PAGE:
How do you show $F$ has a well-defined inverse function $G : (0,1) \to \mathbb{R}$, which is strictly increasing [closed]

If $X$ be a random variable with cdf $F$, and $F$ is continuous and strictly increasing on $\mathbb{R}$ how do you show $F$ has a well-defined inverse function $G : (0,1) \to \mathbb{R}$, which is strictly increasing.

closed as off-topic by jameselmore, Davide Giraudo, Harish Chandra Rajpoot, Em., Yagna PatelJan 26 '16 at 20:10

This question appears to be off-topic. The users who voted to close gave this specific reason:

• "This question is missing context or other details: Please improve the question by providing additional context, which ideally includes your thoughts on the problem and any attempts you have made to solve it. This information helps others identify where you have difficulties and helps them write answers appropriate to your experience level." – jameselmore, Davide Giraudo, Harish Chandra Rajpoot, Em., Yagna Patel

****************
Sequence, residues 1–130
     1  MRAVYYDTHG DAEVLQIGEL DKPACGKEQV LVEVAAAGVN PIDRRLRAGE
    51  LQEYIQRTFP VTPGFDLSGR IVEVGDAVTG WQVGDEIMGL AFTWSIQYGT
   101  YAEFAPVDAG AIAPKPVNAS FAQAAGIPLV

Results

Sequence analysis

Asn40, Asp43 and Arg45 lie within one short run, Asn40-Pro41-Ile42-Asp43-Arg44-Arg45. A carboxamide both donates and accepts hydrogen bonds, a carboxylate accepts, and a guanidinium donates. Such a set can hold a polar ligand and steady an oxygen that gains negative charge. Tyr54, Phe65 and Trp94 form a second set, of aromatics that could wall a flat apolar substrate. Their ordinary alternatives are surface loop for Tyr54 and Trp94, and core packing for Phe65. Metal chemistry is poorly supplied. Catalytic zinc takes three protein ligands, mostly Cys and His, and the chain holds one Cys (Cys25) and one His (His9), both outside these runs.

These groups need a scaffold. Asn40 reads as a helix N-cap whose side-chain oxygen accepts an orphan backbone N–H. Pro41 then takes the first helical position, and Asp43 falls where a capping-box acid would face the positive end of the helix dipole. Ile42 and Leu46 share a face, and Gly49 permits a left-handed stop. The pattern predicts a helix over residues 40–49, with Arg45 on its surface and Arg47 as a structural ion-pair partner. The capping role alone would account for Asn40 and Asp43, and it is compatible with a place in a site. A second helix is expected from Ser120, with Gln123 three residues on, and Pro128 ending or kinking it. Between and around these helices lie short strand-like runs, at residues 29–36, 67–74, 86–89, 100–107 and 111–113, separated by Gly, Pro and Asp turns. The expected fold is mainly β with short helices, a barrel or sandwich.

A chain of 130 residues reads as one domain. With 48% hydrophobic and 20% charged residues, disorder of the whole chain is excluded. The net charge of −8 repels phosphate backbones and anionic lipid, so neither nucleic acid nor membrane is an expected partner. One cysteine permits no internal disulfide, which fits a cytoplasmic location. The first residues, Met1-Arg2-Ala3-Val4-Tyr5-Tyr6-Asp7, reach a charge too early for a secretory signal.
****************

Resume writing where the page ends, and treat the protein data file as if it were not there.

If this question can be reworded to fit the rules in the help center, please edit the question.

To put you on the right track: for $u\in(0,1)$ "define" $G(u):=\inf\{x\in\mathbb R\mid F(x)\geq u\}$.
• Is this indeed a well-defined function $\mathbb (0,1)\to\mathbb R$?
• Does this function serve as an inverse of $F$?
Alternatively you can show that for every $u\in(0,1)$ there is a unique $x_u\in\mathbb R$ such that $F(x_u)=u$. In order to prove that $F(x)=u$ for some $x\in\mathbb R$ make use of the continuity of $F$ and apply the intermediate value theorem. Its uniqueness follows from the fact that $F$ is strictly increasing. Now define $G$ by prescription $u\mapsto x_u$.